…Severe hydrologic drought conditions continue over the Upper and Lower Green River Basins…
May rainfall across Wyoming’s river basins averaged 95 to 255 percent of average. More importantly, the lower elevations to include range lands, pasture lands, and other agricultural centers across Wyoming received a soaking rain during May and early June. Riverton and Lander, before the May and early June precipitation, had only 54 and 43 percent of the normal yearly totals, respectively. After the rainfall in May and early June, Riverton’s yearly total has increased to 133 percent of normal; while Lander’s precipitation totals increased the yearly total to 124 percent of normal. Basin-wide precipitation totals across Wyoming for the water year 2008 (October07 - May 08) are 90 to 140 percent of normal. The long-range precipitation forecast (July through September) is calling for near normal precipitation across central and eastern Wyoming; with below normal precipitation expected over western Wyoming.
Wyoming’s water supply still looks like it will be solid for the rest of the runoff and into the middle of summer. The latest water supply forecast indicates the most of the state will see normal to above normal streamflow volumes during the early to middle summer runoff. May inflows into Seminoe, Guernsey, and Glendo Reservoirs were well above average. Summer inflows to almost all of the major reservoirs are expected to be near normal to slightly above normal. Seminoe Reservoir is over half full (54% capacity as of June 16th). The last time that Seminoe Reservoir was at least half full was in 1999. USBR officials expect the reservoir to remain around 60 percent full for the rest of the water year. Boysen Reservoir is nearly three-quarters full (as of June 16th) and is expected to fill by late June/early July. Boysen Reservoir nearly filled in June of 2005. The long-range temperature outlook still indicates that there is a 30-40 percent chance of a warmer than normal summer for most of central and western Wyoming. This may initially help with increased inflows into most of the state’s reservoirs; but a warmer than average summer may not carry the state’s irrigation water supply deep into summer and into early fall.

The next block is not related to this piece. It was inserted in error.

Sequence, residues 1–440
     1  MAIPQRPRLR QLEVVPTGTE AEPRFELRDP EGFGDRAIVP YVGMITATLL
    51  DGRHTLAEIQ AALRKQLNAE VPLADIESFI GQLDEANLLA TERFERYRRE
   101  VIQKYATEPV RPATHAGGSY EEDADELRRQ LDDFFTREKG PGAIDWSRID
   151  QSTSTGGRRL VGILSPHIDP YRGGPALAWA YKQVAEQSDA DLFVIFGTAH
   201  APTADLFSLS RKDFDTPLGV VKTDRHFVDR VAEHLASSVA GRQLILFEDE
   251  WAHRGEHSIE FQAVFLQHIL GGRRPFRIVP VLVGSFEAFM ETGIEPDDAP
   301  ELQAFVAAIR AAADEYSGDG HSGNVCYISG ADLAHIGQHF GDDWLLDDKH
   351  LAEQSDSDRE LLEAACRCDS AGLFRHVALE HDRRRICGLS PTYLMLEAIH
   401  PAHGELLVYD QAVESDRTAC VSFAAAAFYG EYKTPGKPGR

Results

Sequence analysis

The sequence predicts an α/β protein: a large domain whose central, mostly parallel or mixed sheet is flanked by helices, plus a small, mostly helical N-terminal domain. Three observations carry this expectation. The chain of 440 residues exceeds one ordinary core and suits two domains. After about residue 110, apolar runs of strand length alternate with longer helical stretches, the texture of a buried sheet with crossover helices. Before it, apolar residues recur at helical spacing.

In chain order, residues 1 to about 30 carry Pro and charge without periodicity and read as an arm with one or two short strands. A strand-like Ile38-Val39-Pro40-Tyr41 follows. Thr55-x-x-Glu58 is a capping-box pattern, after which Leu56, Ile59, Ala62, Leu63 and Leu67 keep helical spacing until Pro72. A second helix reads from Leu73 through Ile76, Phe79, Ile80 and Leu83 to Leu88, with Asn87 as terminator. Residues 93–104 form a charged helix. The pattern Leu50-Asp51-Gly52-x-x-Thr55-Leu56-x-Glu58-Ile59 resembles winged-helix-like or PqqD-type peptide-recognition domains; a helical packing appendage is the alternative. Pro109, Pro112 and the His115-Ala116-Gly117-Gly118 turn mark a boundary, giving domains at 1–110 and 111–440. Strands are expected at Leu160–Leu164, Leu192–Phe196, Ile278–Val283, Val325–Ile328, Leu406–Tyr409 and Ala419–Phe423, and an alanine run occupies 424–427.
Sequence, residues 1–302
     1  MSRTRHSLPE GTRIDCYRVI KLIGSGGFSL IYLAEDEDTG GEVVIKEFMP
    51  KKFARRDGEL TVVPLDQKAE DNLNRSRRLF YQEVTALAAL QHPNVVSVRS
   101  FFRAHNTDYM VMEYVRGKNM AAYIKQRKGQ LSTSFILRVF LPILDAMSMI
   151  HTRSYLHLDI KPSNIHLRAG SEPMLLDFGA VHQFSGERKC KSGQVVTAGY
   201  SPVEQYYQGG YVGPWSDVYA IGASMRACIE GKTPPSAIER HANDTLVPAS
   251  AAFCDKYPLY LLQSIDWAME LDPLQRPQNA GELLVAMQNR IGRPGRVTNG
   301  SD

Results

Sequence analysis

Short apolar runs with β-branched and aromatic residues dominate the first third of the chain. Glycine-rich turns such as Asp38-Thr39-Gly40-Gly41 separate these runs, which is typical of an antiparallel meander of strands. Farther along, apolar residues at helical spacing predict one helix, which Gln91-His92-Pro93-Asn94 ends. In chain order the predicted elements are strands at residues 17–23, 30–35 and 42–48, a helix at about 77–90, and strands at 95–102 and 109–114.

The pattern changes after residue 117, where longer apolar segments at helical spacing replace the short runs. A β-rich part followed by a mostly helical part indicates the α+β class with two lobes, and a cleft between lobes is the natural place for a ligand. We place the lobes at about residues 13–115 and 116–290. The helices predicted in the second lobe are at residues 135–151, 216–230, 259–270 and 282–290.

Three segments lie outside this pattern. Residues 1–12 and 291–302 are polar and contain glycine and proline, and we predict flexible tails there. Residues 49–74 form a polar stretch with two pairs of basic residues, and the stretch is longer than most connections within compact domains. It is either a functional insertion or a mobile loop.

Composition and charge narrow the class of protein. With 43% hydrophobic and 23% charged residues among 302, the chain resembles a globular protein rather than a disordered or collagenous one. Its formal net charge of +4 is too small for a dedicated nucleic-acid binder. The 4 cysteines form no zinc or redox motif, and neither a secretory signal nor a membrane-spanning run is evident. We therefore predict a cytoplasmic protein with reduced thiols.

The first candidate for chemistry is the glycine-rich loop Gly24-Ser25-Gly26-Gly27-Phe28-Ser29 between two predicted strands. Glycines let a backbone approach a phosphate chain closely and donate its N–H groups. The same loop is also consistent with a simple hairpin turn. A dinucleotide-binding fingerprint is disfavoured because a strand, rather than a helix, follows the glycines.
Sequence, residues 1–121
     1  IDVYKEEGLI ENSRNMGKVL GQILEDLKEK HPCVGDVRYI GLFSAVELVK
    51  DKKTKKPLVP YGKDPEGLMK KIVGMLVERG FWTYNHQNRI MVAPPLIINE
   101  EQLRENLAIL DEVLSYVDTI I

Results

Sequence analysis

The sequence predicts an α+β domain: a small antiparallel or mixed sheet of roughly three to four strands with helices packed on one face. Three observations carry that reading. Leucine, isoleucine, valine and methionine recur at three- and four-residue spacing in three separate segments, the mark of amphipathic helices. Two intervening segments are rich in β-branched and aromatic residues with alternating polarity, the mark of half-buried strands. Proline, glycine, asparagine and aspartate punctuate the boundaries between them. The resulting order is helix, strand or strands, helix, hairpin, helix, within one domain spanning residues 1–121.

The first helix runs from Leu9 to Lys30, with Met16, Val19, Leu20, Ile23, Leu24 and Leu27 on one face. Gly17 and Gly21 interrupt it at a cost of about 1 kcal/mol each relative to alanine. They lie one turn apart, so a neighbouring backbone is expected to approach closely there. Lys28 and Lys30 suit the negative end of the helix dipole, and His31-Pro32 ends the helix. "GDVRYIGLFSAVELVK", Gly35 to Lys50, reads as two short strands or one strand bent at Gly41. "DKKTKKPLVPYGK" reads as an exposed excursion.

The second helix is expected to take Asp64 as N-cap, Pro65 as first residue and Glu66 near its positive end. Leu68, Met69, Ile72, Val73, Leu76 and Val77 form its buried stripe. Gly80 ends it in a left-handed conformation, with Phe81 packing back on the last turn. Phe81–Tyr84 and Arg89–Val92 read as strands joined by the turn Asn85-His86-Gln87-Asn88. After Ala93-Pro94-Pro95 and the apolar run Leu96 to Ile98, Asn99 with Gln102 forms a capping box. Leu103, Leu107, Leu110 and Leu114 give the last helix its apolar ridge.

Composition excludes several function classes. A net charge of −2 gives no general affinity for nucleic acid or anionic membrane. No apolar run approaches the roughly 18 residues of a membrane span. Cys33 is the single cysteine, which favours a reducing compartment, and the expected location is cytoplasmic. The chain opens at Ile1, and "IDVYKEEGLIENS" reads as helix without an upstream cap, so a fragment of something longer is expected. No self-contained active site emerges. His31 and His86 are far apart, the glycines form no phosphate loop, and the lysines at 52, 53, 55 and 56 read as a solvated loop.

For the rest of the Wyoming Drought Information Statement and Graphics (in .PDF format)---please go to:
For additional drought graphics and information---please refer to: